Then came a great crack of thunder. And Minas Morgul answered. There was a flare of livid lightnings; forks of blue flame springing up from the tower and from the encircling hills into the sullen clouds. The earth groaned; and out of the city came a cry. Mingled with harsh high voices as birds of prey, and the shrill neighing of horses wild with rage and fear, there came a rending screech, shivering, rising swiftly to a pierce pitch beyond the range of hearing…And out of the gate an army came.”

      The point with silent Watchers (as they are called in book) is also very good. These magical statues can create invisible barrier and detect intruders, even sounding an alarm when barrier is breached are a great way of protection on borders of Mordor (Cirith Ungol is not the only place where they are located, it is clearly stated that others are in Minas Morgul and they in fact sensed the hobbits when they passed by).

  7. Ralekk says:

    So basic question why does the fellowship ignore the eagles and try to walk to mount doom. Short answer better story.

    Tolkien was a conservative catholic, so it’s safe to assume he was not a fan of logic. Not all books written are based on logic, this is one of them.

    The story is full of flaws and other illogical stuff, magic is kind of hard to explain with logic. But since it is a fantasy theme setting the book never claims to hold any logic. When you step away from basic logic, what do you have?

    (correct answer is probably a psychic disorder, or a crusade for insanity)

    It is a story with a made up world. with made up men that does made up actions, the world is also illogical. So it´s like participating in an dream/fantasy world of someone else that defies logic, and then trying to find logic in it.

    That is what millions of people all around the world is trying to do everyday… (but with various stories, some taken more serious then others)

    • Drogo says:

      I don’t see how being a conservative Catholic necessitates that one “not be a fan of logic”. Read Aquinas and then try making the same remark. If you yourself consider yourself so logical, why would you make use of such an ignorant non-sequitur?

      Aside from that, Tolkien was a master at linguistics. He not only learned numerous languages, but he also invented several languages. The grammatical structure of any language is essentially a logic problem. So I am pretty sure Tolkien was a logical guy.

      He may very well have made a mistake in not covering up the “eagle plot hole”, but given that he was creating a 1000+ page book, as well as an extensive mythology, what I find shocking is that there are so few plot holes to be found.

  8. bilbo says:

    Now “the hobbits” part I movie is published, then i have a same question, why didn’t they ride the eagles from the start? They don’t have enemies like mighty sauron’s armies and fearsome nazgul’s dragons in that time, lol, it’s truly illogical.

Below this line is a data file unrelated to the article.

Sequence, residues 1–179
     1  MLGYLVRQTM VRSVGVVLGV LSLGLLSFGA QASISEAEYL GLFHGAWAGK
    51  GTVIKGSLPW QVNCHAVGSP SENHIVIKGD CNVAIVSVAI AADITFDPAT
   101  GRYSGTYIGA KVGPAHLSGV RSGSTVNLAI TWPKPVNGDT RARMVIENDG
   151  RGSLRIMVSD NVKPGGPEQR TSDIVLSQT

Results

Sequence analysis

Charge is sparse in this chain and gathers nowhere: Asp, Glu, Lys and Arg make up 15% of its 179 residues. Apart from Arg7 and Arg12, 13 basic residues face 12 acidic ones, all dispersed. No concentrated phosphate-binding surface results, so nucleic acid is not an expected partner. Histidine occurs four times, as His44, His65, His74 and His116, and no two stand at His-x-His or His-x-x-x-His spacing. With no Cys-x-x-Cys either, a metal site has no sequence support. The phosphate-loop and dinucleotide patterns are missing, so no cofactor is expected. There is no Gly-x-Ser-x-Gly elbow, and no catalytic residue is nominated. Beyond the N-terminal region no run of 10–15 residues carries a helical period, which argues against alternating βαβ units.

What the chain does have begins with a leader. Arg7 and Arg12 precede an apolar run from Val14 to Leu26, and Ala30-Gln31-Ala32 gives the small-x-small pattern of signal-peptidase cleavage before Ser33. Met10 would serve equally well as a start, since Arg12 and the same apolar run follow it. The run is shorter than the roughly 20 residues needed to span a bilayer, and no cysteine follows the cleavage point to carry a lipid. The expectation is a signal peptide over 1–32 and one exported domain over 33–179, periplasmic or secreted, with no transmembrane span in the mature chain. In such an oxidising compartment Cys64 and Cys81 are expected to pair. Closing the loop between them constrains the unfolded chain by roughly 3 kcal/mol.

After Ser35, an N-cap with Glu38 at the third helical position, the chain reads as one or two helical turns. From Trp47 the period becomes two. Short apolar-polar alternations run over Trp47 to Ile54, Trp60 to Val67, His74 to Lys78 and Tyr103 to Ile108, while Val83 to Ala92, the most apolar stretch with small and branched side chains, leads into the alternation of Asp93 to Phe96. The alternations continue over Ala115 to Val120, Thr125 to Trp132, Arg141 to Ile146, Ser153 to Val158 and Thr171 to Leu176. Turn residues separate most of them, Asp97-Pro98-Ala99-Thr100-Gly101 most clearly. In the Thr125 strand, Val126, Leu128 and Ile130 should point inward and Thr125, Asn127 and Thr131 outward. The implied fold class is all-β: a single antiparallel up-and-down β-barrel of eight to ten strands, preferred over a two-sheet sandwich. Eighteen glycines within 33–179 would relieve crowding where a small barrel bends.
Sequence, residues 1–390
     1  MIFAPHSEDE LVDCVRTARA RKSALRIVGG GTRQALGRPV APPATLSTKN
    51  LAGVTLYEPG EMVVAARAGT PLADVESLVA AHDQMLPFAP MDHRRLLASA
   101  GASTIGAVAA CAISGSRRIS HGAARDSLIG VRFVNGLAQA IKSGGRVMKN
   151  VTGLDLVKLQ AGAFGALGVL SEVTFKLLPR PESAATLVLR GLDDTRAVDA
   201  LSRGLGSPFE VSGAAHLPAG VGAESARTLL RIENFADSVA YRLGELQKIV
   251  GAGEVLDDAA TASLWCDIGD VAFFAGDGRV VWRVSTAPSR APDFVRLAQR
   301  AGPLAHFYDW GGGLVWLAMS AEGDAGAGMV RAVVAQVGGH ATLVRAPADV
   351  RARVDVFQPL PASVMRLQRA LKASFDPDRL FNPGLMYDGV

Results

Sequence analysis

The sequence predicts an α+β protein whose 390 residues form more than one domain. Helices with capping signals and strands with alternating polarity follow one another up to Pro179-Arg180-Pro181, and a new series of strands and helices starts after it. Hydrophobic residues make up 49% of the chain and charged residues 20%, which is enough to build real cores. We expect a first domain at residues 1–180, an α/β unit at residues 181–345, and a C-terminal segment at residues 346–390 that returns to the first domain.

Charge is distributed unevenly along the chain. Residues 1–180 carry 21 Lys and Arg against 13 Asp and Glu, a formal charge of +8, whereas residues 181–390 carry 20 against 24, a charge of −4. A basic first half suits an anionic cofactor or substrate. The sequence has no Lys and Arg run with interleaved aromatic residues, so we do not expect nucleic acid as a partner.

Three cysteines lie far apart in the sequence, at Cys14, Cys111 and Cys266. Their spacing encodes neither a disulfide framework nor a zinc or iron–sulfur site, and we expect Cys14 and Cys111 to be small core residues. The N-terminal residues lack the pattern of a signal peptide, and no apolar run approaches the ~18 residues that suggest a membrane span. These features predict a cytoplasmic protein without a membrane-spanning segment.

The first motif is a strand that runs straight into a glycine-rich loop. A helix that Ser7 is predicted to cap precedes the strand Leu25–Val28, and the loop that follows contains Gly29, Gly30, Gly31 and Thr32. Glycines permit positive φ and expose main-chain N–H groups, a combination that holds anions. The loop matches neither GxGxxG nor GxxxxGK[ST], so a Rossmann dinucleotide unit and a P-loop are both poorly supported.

• Eldorion says:

      Tolkien actually wrote an explanation for The Hobbit himself, unlike LOTR. The Eagles agree to help Gandalf because they owe him a favor, despite not being particularly interested in the dwarves’ quest. However, they were afraid of the men of the Vales of Anduin, who shot arrows at the Eagles to keep them from stealing livestock. Therefore the Eagles only took the Company a short distance.

      The situation is muddled in Peter Jackson’s film version because PJ removes all Eagle dialogue, though this may change in the Extended Edition. The final scene is also a bit misleading about how much distance is still to go before they reach the Lonely Mountain. At least half of the Company’s journey is still ahead of them, far longer than Gandalf could ask the Eagles to fly as a personal favor.

      I hope this explanation helps! :)

  9. William S says:

    Here we go, a fairly simple comedic summary of why the Eagles wouldn’t work.
    http://oglaf.com/ornithology/1/

  10. ZT says:

    Philippa Boyens also said in one of the LOTR commentary tracks that Tolkien had ‘explained’ the general eagle situation as one in which they didn’t generally care for the goings on of men and elves and dwarves and more or less lived in their own closed society, not wanting to become involved in the ‘political dramas’ of the day. Presumably they do individual favours for Gandalf, as a caretaker of Middle Earth at large.

  11. lotrfan112 says:

    I think it’s simply for the purpose of the story. I mean, who would watch a movie/read a book about a bunch of eagles flying? This way there are more events and adventures.

    • Trike says:

      There would still be plenty of adventures if Tolkien had used the eagles. By answering the plot hole, it might have even have made Sauron even more formidable. The adventures would have been *different* from what currently exists, but that’s not the same thing as nonexistent.

  12. David says: